A - They aren't all that special, but somewhat better than using 2N2222/2N2907. I originally used MPS6521/23, but sadly those are no longer available. It’s a shame, as they were ideal for HF and lower frequencies.

Q - What is the purpose of the second part of the ganged pot R1B. Are the connections at both ends shown correctly ?

A - Yes the conections are correct. The phase control provided by R1A results in a gain change of about -2dB at the centre, so R1B corrects this to less than -0.5dB.

Q - My intention was to use hybrids to provide the required phase shift. But these will only work over a limited octave  range. It looks like your method offers a much greater operating frequency range. I'd hope to be able to possibly cover 1.8 to 50MHz in two switched ranges.  So it looks like the way to go is to add a third section to the phase  shift networks to get basic 1.5 to 30MHz coverage in one range. With  the option to add 50 & 70MHz as another switched range. If I wish to add a third stage, is it just a simple matter of duplicating the right hand most section of each network, or is it more complicated than that ?

A - The values are quite different.  I just ran the DOS programme to see what it would take, and you'll get a pretty nice phase ripple over 1.5-50MHz by adding another section to each shifter.  It might be a bit trickier to align, which requires a signal generator, a scope, and a pair of matched probes.  I can determine the parts values for you.


Q - For 50 & 70MHz would it just be a question of scaling the existing values appropriately ?

A - Not that easy.  The circuit in the schematic will do 2-20MHz with ±5º of phase ripple.  If you double the values to get 4-50MHz you'll end up with ±10º of phase ripple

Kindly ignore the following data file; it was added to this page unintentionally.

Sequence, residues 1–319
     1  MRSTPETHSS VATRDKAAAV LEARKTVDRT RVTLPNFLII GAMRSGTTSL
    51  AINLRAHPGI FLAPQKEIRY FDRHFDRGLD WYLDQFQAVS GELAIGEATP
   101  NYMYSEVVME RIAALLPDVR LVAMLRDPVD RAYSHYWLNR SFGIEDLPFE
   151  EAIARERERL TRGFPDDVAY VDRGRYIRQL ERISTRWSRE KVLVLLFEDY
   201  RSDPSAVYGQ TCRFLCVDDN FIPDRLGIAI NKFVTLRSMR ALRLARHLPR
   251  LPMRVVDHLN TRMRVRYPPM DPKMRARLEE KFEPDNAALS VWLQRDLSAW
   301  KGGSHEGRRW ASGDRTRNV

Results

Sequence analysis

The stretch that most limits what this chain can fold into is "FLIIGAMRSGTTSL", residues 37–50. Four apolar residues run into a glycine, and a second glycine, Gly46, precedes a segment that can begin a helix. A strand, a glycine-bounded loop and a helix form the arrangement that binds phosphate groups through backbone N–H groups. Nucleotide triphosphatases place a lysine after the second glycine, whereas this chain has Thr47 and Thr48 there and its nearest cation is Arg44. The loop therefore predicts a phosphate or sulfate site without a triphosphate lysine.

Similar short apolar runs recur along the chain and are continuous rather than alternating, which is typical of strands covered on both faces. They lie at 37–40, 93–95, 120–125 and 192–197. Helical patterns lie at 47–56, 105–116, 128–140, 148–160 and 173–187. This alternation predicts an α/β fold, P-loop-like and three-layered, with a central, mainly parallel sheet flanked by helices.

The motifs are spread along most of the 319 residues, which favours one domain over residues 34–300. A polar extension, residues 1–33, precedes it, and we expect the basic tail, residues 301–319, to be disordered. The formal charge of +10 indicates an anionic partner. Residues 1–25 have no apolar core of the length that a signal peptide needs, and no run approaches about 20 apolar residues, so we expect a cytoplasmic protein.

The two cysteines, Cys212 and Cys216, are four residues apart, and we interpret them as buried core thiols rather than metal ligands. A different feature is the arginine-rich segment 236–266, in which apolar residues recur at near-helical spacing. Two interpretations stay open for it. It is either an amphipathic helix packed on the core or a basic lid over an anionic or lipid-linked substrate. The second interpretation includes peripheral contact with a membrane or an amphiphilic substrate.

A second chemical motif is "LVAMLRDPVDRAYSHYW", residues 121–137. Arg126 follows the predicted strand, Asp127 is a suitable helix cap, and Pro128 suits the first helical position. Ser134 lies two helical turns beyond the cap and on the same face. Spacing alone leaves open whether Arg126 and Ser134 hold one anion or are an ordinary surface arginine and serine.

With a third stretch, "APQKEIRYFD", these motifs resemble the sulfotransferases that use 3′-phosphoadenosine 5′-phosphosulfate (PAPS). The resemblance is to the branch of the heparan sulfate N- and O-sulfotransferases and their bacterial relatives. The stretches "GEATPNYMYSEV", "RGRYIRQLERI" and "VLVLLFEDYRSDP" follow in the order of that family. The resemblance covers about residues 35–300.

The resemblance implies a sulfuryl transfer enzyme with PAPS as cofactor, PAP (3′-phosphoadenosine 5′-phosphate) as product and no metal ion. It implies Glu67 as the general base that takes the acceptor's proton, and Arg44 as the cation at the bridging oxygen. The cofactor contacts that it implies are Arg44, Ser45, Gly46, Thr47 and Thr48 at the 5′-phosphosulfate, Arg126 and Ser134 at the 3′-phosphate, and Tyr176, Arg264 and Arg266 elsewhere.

Q- Are both sections of each individual coil assembly wound with the same number of turns on the same former - it's hard to tell from the photo in the document ?

A - No, they're all different as you can only adjust them so far.  You have to experiment with whatever coil form you use to determine how many turns for each coil.

Q - You specify coil inductance- is this for just 1 of the bifilar windings or is it total coil inductance.?

A - Total inductance.


Q - I am still a bit confused about winding the coils. Initially I was going to bifilar wind them and connect them as per the circuit  diagram. However if  the stated inductance is for the total coil this would not work. Are they bifilar wound but connected as a std balun - ie top of one coil to bottom of other coil and this is the common connection to the capacitor

A - Yes, they are bifilar wound but it's not as difficult as you may think. The bifilar wire it wound on an adjustable coil form. Using a green and red wire, at the one end the green wire goes to the first terminal and the red wire goes to the second terminal. At the other end, the green wire goes to the second terminal and the red wire goes to the third terminal. It helps greatly if the adjustable form has three terminals along one side, such as the 5-terminal version of: